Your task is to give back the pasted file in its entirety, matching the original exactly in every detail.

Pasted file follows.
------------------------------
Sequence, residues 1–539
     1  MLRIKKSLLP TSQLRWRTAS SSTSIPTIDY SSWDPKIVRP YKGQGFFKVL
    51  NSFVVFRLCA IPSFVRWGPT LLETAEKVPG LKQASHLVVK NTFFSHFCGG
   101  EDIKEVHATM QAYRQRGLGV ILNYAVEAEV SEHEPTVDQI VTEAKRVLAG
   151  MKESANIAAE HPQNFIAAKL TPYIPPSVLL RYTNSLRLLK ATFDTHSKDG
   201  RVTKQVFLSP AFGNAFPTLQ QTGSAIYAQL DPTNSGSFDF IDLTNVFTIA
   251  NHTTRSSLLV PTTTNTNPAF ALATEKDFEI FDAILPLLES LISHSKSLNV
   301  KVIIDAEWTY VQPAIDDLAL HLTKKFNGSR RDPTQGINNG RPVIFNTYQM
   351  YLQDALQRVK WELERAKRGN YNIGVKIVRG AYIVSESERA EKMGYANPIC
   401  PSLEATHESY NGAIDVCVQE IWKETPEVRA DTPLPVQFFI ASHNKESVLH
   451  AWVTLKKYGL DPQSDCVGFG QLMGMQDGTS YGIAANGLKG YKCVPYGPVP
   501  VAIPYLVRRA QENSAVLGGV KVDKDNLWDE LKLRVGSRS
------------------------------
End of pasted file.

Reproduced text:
Sequence, residues 1–539
     1  MLRIKKSLLP TSQLRWRTAS SSTSIPTIDY SSWDPKIVRP YKGQGFFKVL
    51  NSFVVFRLCA IPSFVRWGPT LLETAEKVPG LKQASHLVVK NTFFSHFCGG
   101  EDIKEVHATM QAYRQRGLGV ILNYAVEAEV SEHEPTVDQI VTEAKRVLAG
   151  MKESANIAAE HPQNFIAAKL TPYIPPSVLL RYTNSLRLLK ATFDTHSKDG
   201  RVTKQVFLSP AFGNAFPTLQ QTGSAIYAQL DPTNSGSFDF IDLTNVFTIA
   251  NHTTRSSLLV PTTTNTNPAF ALATEKDFEI FDAILPLLES LISHSKSLNV
   301  KVIIDAEWTY VQPAIDDLAL HLTKKFNGSR RDPTQGINNG RPVIFNTYQM
   351  YLQDALQRVK WELERAKRGN YNIGVKIVRG AYIVSESERA EKMGYANPIC
   401  PSLEATHESY NGAIDVCVQE IWKETPEVRA DTPLPVQFFI ASHNKESVLH
   451  AWVTLKKYGL DPQSDCVGFG QLMGMQDGTS YGIAANGLKG YKCVPYGPVP
   501  VAIPYLVRRA QENSAVLGGV KVDKDNLWDE LKLRVGSRS